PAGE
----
Which job listing is right for do-re-me?
Book-Job Boot Camp ♦ Week 2, Tuesday
We won’t say that we’re presuming ignorance—but because Julie Andrews informs us the very beginning is a very good place to start, and because we follow her lead whenever possible, Let’s Start at the Very Beginning.
If you’re applying to internships only, your listings of choice will be pretty clear: primarily from Bookjobs’ internship page
, or from a publisher’s own website. If there’s a small publishing house whose work you’re a huge fan of, but you can’t find out whether they offer internships, write a nice email about why you’re stoked about what they do and courteously ask if there’s any way to apply for an internship, since you’d like to be more involved. It might lead to nothing, it might lead to a great connection, it might lead to an internship. But if you’re enthusiastic and polite, there’s nothing to loose but some time and the electricity required to send the email.
If you’re at the job stage, you probably know that the key to entry is an assistant job. But there are so many kinds of assistant jobs. And as nice as Random House’s explanatory break-down is, you’ll see plenty of listings that aren’t Editorial, Production, Marketing, Publicity, Sales, amen. Postings from small presses might have hybrids of the two; my first full-time was Production and Editorial Assistant. There are, rather grandly, Publishing Assistants, who, one assumes, do everything (depending on the house). There are Agent’s Assistants and Scouting Assistants (what the heck is a book scout? Well, don’t worry, Trendsetter is working on an article for you). And what, on God’s Green Earth, does a publisher mean in saying they want a Speaker’s Agency Assistant?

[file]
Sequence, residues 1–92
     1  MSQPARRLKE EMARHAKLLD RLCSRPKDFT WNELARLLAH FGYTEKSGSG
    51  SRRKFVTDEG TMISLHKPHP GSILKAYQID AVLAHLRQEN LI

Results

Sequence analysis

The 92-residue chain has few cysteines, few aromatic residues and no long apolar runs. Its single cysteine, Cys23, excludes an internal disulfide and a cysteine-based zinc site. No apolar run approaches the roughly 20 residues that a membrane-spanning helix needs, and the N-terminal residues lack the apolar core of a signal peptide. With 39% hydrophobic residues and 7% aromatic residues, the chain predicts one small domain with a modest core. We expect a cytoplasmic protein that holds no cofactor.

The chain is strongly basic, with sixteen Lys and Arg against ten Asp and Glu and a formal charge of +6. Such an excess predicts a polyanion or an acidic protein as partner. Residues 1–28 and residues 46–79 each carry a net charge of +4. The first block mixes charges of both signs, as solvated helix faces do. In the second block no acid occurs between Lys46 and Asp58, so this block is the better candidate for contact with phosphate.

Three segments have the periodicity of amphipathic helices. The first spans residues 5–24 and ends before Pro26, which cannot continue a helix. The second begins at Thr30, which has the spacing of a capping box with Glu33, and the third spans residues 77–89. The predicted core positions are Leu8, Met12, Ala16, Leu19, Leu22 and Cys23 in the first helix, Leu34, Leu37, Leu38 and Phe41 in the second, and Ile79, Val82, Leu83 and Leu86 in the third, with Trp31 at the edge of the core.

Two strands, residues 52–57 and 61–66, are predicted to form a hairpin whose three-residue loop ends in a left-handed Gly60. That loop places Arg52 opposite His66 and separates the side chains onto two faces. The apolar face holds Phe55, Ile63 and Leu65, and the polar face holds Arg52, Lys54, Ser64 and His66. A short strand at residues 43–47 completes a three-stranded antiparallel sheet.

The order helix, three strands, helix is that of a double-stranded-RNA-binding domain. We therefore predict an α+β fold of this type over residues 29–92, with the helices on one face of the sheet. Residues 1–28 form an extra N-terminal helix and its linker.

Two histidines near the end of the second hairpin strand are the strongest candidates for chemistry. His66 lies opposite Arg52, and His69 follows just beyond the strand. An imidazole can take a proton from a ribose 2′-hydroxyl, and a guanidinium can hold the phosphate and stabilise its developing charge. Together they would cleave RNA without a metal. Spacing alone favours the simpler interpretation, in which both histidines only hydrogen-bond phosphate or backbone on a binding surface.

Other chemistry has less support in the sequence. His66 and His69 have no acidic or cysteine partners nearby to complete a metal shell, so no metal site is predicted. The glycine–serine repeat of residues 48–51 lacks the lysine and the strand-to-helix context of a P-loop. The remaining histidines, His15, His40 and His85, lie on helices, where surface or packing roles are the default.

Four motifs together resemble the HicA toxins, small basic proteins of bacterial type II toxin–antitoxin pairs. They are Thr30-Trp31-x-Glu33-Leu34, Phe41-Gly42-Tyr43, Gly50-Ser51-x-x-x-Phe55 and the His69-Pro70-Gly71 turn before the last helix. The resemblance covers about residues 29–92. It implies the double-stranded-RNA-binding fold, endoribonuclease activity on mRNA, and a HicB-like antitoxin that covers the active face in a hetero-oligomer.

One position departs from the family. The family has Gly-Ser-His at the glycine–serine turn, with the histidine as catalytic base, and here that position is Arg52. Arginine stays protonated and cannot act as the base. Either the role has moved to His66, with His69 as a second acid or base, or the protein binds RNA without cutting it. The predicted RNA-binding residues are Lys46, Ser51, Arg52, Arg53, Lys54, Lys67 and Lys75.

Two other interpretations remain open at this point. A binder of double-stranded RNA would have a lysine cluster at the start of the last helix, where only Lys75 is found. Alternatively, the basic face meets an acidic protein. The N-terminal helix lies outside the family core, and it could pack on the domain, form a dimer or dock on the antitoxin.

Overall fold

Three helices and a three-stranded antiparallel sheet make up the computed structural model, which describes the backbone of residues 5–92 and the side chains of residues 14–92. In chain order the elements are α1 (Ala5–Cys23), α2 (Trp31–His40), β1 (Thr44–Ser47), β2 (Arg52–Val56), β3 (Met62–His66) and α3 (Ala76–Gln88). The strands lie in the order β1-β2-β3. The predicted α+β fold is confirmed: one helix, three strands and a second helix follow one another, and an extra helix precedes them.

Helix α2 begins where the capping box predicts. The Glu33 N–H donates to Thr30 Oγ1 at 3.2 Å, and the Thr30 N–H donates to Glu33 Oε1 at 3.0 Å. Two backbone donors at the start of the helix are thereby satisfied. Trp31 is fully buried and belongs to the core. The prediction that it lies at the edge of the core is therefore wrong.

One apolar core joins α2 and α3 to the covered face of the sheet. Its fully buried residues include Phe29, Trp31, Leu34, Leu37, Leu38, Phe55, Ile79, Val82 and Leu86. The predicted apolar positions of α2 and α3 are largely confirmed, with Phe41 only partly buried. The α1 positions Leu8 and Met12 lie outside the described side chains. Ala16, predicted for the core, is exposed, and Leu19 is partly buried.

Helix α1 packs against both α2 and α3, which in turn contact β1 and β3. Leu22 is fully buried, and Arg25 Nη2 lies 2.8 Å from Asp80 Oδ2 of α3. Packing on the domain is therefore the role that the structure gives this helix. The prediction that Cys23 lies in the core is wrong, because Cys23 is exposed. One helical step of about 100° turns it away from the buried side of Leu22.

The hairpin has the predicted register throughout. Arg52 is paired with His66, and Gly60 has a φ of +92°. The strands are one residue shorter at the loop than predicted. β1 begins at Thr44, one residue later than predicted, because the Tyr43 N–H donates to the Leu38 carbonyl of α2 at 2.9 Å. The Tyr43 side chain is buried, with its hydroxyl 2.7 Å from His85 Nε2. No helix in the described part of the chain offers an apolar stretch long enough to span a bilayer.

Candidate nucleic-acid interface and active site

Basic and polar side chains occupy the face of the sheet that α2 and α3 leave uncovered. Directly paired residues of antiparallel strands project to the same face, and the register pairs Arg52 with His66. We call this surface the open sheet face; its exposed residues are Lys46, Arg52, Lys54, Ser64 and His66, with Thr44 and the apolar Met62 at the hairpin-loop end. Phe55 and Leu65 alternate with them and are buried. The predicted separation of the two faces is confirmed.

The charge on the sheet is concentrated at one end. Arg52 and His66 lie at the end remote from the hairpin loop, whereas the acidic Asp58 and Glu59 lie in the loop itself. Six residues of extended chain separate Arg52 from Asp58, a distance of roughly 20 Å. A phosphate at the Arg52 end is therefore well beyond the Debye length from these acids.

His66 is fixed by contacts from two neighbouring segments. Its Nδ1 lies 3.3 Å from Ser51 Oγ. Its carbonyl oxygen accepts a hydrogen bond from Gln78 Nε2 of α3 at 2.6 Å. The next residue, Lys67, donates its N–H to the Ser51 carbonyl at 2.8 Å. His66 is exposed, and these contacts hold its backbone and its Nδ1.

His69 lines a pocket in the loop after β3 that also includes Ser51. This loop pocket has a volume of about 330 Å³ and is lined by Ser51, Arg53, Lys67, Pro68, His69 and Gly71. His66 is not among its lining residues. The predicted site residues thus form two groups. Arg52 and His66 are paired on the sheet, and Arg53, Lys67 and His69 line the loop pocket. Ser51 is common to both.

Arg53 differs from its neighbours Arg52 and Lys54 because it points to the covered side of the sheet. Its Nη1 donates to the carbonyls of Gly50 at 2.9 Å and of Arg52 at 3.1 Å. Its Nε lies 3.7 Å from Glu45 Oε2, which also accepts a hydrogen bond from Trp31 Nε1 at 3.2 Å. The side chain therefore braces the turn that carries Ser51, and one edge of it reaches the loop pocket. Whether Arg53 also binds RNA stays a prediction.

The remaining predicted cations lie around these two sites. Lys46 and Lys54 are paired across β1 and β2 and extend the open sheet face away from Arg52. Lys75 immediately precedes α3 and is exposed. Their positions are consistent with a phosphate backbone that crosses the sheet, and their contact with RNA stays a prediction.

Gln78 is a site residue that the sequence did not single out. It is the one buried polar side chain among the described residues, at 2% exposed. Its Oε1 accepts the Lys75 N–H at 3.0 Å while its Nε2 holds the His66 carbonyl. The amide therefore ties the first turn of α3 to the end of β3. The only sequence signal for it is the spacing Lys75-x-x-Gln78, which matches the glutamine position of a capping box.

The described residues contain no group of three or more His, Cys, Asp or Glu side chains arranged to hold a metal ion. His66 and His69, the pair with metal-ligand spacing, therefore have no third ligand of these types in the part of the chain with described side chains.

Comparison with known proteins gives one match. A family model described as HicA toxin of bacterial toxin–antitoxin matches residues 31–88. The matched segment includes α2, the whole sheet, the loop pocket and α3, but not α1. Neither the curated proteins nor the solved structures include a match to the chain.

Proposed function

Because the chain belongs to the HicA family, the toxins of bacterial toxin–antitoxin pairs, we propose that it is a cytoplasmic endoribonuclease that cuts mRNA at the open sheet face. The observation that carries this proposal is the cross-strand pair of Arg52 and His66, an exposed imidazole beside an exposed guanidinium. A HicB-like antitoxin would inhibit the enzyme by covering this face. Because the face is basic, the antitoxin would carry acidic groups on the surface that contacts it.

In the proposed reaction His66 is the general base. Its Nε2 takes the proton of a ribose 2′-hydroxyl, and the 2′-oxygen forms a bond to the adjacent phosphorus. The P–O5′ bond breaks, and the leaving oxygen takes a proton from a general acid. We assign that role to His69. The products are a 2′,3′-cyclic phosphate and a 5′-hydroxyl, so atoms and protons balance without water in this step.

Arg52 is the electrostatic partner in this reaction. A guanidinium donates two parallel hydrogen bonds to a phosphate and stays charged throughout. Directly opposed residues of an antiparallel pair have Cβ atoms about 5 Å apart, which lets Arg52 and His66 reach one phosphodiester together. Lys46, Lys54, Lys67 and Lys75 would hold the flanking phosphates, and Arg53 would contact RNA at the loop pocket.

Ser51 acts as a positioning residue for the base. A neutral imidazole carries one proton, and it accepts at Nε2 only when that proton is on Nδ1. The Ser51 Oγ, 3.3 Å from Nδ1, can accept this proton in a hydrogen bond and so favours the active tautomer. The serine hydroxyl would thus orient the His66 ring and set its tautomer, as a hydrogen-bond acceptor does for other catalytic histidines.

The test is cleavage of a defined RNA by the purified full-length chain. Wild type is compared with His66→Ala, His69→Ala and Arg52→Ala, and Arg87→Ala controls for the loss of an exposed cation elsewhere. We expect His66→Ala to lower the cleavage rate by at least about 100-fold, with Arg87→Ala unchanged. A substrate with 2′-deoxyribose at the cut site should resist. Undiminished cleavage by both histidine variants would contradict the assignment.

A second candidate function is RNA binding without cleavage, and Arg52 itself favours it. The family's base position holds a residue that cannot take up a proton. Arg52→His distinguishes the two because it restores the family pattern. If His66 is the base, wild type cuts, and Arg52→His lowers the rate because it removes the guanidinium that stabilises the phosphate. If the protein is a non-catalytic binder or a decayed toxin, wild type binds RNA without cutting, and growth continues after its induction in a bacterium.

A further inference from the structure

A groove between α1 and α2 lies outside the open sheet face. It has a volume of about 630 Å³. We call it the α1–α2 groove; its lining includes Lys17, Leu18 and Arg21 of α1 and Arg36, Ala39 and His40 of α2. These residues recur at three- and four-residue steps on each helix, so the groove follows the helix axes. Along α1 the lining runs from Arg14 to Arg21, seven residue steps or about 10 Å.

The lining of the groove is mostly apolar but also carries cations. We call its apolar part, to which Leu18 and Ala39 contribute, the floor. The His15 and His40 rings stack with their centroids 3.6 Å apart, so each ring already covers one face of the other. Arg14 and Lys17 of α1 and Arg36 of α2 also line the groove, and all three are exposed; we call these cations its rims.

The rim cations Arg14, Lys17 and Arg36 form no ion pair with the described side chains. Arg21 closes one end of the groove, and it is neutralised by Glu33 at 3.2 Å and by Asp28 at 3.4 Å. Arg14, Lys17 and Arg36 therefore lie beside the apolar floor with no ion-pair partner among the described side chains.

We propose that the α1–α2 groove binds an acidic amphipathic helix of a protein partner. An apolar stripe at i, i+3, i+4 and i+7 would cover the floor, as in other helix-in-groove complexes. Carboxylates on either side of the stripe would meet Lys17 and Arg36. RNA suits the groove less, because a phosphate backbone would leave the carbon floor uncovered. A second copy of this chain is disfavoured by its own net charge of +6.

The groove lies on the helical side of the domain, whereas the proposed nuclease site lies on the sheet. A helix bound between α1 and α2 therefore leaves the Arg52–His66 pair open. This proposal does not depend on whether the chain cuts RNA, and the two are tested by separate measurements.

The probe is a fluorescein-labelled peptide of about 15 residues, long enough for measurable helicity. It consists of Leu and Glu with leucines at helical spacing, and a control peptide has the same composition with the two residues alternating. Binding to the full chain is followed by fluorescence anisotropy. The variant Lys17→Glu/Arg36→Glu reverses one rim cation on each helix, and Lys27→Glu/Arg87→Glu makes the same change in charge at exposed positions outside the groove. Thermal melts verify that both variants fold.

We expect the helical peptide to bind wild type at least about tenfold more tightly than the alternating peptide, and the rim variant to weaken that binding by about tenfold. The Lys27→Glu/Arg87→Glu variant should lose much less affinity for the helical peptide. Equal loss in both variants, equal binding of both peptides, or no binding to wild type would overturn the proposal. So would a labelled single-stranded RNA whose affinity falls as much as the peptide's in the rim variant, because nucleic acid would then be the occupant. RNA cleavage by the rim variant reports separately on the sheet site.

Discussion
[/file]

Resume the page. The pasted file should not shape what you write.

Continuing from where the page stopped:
What this points to is that you’ll need to try other paths, in addition to the one you really really want at the outset, especially if you’re already wed to the idea of editorial. (Editorial—as you may know—is the sexy department that’s launched a thousand resumes and broken a thousand hearts). And in keeping with the Scouts’ and Agents’ Assistants listed above, remember that book business exists far outside of the traditional publishing house—and is expanding further outside everyday.
This all just goes to say why it pays not only to read the job listing very carefully, but to do a few thought-experiments picturing yourself in the roles mentioned. Invoke the power of Google and see what other publishers asked of a “Marketing & Sales Assistant.” Match the requirements on the listing to the way you describe yourself on your resume. What makes a resume stand out is not that it leaves a hiring manager gobsmacked by how you fit the Platonic Ideal of “accomplished”–it’s the feeling of looking over an application and thinking, “He’s a perfect fit!” You should be applying to everything you possibly can, but should concentrate not on the most impressive listing, but to the one with which you most connect. Look for where the stars align–and work to make them align even better.